I will look for one used, but if I'm forced to get one new, which would you guys suggest? 1X30, 1/4-1/3HP (calculated) for $50 or a 4X36 + 6"disc, 1/2-2/3HP for $65?

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The 1x30 seems more practical for knives, but IMHO if you're going to invest you may as well go with a brand that has more recognition than a HF base model. 

For example, the Grizzly G0864, which I am seeing for around $130, is variable speed and comes from a better known brand. It is pushing to the higher end of your budget, but companies with higher name recognition tend to make you jump through fewer hoops to return things if need be. Although HF can be pretty good about returns generally.

You said you're thinking Christmas right? Gives you some time to save up a little extra money to chip in if need be. Or at least to stock up on some belts, 

Again it's your choice.

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Ok, I wasn't sure which belt size would be more practical for knives. Well... While it's my choice, I have no experience in this. It's like me asking someone whether they'd like an African Butterflyfish or an arowana. They look fairly similar when you get them, but keep them for a month and you will certainly notice a difference. While it's their choice, I know that the arowana will grow to 4' long, while it's unlikely that they will. You think the Griz price increase would be worth it? Seems like a lot for a 1X30, but I'll take a look. Thanks for your help!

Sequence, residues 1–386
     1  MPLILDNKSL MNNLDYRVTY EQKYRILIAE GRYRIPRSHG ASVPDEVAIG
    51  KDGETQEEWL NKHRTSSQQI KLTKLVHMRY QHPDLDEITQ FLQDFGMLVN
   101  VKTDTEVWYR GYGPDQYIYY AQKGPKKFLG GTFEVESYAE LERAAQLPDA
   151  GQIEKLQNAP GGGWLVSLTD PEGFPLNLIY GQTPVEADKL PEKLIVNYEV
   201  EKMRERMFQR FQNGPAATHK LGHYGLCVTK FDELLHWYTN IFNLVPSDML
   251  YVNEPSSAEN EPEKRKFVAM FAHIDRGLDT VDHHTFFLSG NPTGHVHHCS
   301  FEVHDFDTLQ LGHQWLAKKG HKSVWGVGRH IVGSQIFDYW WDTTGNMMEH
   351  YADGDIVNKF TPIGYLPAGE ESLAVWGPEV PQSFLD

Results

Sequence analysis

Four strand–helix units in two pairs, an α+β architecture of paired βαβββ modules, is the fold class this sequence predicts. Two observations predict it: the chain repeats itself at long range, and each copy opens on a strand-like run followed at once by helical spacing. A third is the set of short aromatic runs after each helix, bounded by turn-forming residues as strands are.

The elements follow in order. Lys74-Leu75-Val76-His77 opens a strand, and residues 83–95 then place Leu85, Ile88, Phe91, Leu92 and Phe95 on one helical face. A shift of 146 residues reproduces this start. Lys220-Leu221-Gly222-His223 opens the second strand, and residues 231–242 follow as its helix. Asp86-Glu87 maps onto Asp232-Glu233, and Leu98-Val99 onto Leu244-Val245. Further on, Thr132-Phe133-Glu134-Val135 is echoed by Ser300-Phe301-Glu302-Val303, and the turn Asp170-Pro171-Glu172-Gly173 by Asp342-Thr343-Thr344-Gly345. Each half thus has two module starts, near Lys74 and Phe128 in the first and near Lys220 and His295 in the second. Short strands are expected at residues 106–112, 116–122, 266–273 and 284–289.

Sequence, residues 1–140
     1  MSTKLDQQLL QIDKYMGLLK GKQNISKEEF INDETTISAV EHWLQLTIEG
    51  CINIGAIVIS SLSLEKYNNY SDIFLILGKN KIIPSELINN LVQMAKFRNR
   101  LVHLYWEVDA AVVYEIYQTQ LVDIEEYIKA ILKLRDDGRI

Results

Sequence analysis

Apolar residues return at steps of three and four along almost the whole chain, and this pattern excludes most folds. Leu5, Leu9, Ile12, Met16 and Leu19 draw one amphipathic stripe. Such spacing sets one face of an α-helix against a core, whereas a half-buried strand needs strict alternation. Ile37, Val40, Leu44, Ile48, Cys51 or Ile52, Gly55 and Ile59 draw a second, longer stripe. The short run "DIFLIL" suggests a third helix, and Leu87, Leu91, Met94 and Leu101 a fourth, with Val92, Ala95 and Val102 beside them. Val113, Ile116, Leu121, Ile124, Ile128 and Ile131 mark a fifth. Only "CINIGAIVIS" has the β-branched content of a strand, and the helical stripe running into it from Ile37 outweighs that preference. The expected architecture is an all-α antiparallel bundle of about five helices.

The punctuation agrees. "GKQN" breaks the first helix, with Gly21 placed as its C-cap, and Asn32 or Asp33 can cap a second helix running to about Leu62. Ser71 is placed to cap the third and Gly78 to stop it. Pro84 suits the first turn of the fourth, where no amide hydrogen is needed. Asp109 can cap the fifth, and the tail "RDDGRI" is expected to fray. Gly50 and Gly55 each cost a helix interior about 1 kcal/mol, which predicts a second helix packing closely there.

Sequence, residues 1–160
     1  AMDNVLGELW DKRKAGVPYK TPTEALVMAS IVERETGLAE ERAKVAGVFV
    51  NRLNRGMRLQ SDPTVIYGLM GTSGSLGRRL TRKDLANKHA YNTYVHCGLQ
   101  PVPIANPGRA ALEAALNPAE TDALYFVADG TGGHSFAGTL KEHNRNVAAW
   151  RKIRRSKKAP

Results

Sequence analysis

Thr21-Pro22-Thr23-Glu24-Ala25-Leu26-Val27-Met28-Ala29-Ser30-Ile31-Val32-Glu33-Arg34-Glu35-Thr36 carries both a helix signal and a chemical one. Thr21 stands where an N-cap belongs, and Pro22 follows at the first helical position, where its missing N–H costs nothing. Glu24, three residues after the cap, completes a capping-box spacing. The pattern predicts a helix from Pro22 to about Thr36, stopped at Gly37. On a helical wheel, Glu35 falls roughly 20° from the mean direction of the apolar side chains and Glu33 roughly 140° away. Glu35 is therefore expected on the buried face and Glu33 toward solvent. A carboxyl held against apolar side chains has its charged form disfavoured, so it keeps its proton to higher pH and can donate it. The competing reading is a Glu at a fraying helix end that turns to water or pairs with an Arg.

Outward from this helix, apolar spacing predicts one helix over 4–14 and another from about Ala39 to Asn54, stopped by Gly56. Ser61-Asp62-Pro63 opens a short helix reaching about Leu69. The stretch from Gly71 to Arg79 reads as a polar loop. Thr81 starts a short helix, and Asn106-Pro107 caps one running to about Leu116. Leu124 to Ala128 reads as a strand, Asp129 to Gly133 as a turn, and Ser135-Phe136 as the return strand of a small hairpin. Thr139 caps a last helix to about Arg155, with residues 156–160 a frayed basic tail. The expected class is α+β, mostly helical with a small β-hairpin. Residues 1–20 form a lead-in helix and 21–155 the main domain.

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Chi:  One thing to look at is the belt speed.  You may have to do some calculations regarding the circumference of the drive wheel and the rpm.  Many belt/disk grinders are actually designed for wood working and have slower speeds than is optimum for working metal.  The ones with wider belts (3"-4") tend to be for wood workers.

"By hammer and hand all arts do stand."